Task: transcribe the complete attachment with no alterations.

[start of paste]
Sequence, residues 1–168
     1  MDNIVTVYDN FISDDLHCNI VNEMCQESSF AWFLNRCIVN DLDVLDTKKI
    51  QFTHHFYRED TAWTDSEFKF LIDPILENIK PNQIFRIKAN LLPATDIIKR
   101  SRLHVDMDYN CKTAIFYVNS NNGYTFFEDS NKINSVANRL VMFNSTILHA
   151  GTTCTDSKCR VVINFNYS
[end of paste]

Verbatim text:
Sequence, residues 1–168
     1  MDNIVTVYDN FISDDLHCNI VNEMCQESSF AWFLNRCIVN DLDVLDTKKI
    51  QFTHHFYRED TAWTDSEFKF LIDPILENIK PNQIFRIKAN LLPATDIIKR
   101  SRLHVDMDYN CKTAIFYVNS NNGYTFFEDS NKINSVANRL VMFNSTILHA
   151  GTTCTDSKCR VVINFNYS